Buyer enquiries have started shrinking as the government’s stamp duty holiday begins to taper off, according to the latest RICS residential market survey.
A net balance of -9% of agents saw a fall in July, down from +10% in June, and ending a positive four-month streak for the housing market.
Agreed sales took a dip as result, posting a net balance of -21% last month across the UK, with sales volumes slowing most notably in Yorkshire & the Humber, the East Midlands and East Anglia.
RICS reports that house price growth was again impacted by the lack of properties ready for sale, with a net balance of -46% of agents reporting a fall in new listings (down from -35% in June), while +78% reported rising house prices, which is slightly down from the +82% reported in the past two months.
The North of England, Wales and East Anglia saw especially strong growth and London’s latest net balance of +45% was up on previous results.
Demand from tenants looking to rent new homes remained strong for the fifth quarter in a row, with a net balance of +52% reporting a rise across the UK.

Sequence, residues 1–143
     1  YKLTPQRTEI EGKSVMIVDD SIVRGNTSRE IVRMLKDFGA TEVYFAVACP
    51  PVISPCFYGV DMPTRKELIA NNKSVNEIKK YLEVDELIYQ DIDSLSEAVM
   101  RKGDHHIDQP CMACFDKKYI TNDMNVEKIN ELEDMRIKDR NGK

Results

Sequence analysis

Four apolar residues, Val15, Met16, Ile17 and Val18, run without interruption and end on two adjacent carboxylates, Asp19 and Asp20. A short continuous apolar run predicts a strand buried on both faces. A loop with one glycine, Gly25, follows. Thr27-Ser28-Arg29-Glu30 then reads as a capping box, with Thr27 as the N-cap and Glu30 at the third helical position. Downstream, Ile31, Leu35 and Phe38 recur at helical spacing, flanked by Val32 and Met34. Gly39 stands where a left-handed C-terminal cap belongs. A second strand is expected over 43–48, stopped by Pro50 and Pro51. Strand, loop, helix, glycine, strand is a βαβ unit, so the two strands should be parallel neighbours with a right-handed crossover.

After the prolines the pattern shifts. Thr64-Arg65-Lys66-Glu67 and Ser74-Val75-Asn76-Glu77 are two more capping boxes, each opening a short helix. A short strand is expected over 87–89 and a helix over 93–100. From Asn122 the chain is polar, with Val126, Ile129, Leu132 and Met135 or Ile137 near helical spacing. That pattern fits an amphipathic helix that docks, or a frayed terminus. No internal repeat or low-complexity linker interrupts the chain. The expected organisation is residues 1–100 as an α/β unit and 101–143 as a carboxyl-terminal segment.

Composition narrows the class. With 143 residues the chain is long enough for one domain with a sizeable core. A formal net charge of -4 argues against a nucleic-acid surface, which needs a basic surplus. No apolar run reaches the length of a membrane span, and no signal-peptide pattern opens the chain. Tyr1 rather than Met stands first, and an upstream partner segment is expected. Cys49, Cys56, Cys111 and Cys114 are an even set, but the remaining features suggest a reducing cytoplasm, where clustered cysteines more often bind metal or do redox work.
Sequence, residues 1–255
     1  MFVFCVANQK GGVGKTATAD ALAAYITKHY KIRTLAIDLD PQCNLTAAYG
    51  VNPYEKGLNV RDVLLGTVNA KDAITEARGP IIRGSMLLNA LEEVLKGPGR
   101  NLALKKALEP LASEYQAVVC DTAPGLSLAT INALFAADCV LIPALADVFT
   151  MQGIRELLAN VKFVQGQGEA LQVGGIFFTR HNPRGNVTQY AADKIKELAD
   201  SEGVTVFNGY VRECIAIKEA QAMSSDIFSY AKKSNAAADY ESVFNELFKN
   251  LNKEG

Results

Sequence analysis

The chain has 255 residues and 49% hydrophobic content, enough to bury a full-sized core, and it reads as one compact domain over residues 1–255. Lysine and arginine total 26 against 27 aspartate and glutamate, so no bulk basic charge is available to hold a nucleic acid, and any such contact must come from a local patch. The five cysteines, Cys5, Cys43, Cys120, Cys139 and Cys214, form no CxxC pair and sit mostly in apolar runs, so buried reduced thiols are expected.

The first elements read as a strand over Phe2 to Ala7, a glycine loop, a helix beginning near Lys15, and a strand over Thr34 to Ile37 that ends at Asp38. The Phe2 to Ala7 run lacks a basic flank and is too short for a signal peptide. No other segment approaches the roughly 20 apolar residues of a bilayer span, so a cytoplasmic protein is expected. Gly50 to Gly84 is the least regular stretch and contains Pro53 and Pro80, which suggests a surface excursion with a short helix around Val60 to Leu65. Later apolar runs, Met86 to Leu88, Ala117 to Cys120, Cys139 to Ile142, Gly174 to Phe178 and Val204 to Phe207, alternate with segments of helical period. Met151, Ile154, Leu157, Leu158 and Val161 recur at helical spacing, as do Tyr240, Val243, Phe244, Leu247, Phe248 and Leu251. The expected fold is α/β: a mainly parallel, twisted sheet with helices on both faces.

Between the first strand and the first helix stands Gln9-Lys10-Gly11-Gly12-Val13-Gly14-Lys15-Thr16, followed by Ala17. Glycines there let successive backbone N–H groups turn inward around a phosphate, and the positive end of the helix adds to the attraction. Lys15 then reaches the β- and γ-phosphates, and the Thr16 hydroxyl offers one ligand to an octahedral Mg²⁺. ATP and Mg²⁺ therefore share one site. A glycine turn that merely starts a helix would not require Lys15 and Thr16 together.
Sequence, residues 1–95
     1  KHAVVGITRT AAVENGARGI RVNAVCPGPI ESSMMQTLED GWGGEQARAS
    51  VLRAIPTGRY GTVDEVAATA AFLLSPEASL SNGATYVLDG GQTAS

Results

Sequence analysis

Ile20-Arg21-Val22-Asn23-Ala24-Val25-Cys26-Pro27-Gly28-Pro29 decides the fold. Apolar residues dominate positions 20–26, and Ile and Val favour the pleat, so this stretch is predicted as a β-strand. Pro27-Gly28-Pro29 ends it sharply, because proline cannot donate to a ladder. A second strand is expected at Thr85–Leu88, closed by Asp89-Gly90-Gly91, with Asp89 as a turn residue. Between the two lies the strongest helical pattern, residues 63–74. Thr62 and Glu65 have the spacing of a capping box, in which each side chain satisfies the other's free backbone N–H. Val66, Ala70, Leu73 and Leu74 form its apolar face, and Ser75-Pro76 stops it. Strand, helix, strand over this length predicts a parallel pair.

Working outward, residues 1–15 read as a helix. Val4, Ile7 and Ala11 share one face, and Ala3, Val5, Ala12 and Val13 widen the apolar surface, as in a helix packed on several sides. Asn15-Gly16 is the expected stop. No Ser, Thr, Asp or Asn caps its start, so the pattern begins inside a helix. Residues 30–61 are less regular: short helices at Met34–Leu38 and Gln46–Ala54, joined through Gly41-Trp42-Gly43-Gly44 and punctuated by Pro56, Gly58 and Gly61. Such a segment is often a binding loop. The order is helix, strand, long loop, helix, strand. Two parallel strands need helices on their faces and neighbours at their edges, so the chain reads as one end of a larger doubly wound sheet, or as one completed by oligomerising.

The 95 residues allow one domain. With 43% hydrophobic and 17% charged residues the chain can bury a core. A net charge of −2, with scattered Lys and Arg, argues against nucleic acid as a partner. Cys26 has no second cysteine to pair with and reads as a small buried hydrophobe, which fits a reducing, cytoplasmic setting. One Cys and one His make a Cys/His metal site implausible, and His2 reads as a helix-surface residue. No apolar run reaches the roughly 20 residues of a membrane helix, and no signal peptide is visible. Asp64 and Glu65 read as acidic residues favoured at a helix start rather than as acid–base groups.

With new instructions from landlords remaining in decline, rents are now expected to rise over the next three months.
Simon Rubinsohn (pictured) RICS chief economist, says a strong message from survey respondents is that buyers are continuing to place a premium on space, and that the prospect of a hybrid model of work being adopted by many organisations is providing the opportunity for greater flexibility around location.
He adds: “This is being reflected both in the challenge some current homeowners are having in moving up the property ladder as well in stronger price expectations from the RICS survey for larger than smaller properties.”
Jeremy Leaf, north London estate agent and a former RICS residential chairman, says: “‘The market is showing considerable resilience. These figures confirm much of what we’ve been seeing on the ground since the stamp duty concession began to taper at the end of June. The frenzy of the last few months was unsustainable so a reduction in activity and softening of prices does not come as a surprise.
“However, the difference has proved to be virtually seamless and only what we might have expected at this time of year. Enquiries are down but their quality is definitely still there. Low stock levels are continuing to underpin prices but the number of appraisals recently carried out gives us confidence listings will pick up soon.
“A levelling up between supply and demand, combined with improving economic and Covid news, is the likely outcome this autumn.”